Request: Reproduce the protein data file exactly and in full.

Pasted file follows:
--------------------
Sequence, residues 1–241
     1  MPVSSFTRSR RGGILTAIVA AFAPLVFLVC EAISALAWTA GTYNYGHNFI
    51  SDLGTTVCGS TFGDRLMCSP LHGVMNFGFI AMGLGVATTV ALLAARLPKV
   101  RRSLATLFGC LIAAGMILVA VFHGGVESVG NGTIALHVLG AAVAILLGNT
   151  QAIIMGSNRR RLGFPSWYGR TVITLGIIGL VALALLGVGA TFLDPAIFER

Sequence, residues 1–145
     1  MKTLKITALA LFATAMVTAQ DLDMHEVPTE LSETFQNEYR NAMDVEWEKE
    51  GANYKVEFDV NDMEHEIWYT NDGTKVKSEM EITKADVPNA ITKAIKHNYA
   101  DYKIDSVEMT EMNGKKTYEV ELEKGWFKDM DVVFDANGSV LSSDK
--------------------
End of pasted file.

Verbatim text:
Sequence, residues 1–241
     1  MPVSSFTRSR RGGILTAIVA AFAPLVFLVC EAISALAWTA GTYNYGHNFI
    51  SDLGTTVCGS TFGDRLMCSP LHGVMNFGFI AMGLGVATTV ALLAARLPKV
   101  RRSLATLFGC LIAAGMILVA VFHGGVESVG NGTIALHVLG AAVAILLGNT
   151  QAIIMGSNRR RLGFPSWYGR TVITLGIIGL VALALLGVGA TFLDPAIFER

Sequence, residues 1–145
     1  MKTLKITALA LFATAMVTAQ DLDMHEVPTE LSETFQNEYR NAMDVEWEKE
    51  GANYKVEFDV NDMEHEIWYT NDGTKVKSEM EITKADVPNA ITKAIKHNYA
   101  DYKIDSVEMT EMNGKKTYEV ELEKGWFKDM DVVFDANGSV LSSDK